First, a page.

If one tried to create a movie for teenagers who can’t put away their smartphones for more than a few minutes, it would probably look like Friday Night Plan. The latest Netflix Original Indian Film is generic and lightweight, so there’s no reason to give it one’s full attention.
The premise of Friday Night Plan feels familiar. Two bickering brothers — high school senior Sid (Babil Khan) and high school junior Adi (Amrith Jayan) — are left home alone on a Friday night when their mom (Juhi Chawla Mehta) goes to Pune for a work trip. She warns them not to fight or take the car out, assuming the boys will stay home playing video games.
Of course, the brothers wind up taking the car to a party at the house of the prettiest girl at their wealthy international school, whom Sid has had a crush on for years, only to lose the car while playing a prank on students from a rival school. Sure hope they can get the car back before Mom gets home!
The familiarity of Friday Night Plan — which seems like a hundred teen movies that have come before — isn’t a problem in itself. But the film is boring. The boys’ “wild night out” lacks a sense of danger or urgency. Even they don’t seem that worried about getting into trouble. Yes, the kids at the party drink alcohol, but there’s also karaoke and a pillow fight.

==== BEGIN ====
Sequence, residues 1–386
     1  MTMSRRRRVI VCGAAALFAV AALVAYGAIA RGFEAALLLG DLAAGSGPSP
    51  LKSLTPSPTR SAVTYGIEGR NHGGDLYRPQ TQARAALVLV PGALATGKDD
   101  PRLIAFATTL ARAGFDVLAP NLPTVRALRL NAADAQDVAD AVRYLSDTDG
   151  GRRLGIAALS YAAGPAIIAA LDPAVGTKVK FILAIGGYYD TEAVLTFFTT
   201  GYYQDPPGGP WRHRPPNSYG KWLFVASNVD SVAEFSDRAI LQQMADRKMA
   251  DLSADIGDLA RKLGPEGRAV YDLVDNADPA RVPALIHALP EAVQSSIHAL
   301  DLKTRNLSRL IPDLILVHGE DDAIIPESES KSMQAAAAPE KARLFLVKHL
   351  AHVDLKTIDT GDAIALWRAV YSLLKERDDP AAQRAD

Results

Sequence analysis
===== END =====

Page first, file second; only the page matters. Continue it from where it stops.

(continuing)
Real teenagers are funnier and more interesting than this movie’s flat dialogue makes them out to be, and the characters are bland. The school’s top jock Kabir (Aditya Jain) isn’t a bully, he just sometimes gives people unflattering nicknames. The pretty girl Nat (Medha Rana) has no secrets, she’s just good-looking and rich. Even the two brothers aren’t really that different from one another.
It’s not fair to blame the cast for the tepid characterizations. Hardly any of them have any acting credits, since children barely exist in Hindi films. Friday Night Plan is writer-director Vatsal Neelakantan’s first feature film, and his inexperience shows in both the direction of his young actors and in his screenwriting. Tighter pacing would have amped up the excitement level of this tame story without having to make things any spicier.
There’s one misstep I can’t let slide. The events of Friday Night Plan take place one week before senior prom, and none of the kids have asked anyone to be their prom dates! That’s not enough time to order matching corsages and boutonnieres, make after-party plans, and figure out where to take photos — let alone find a dress and shoes and make a hair appointment if you weren’t already planning on going to the dance solo!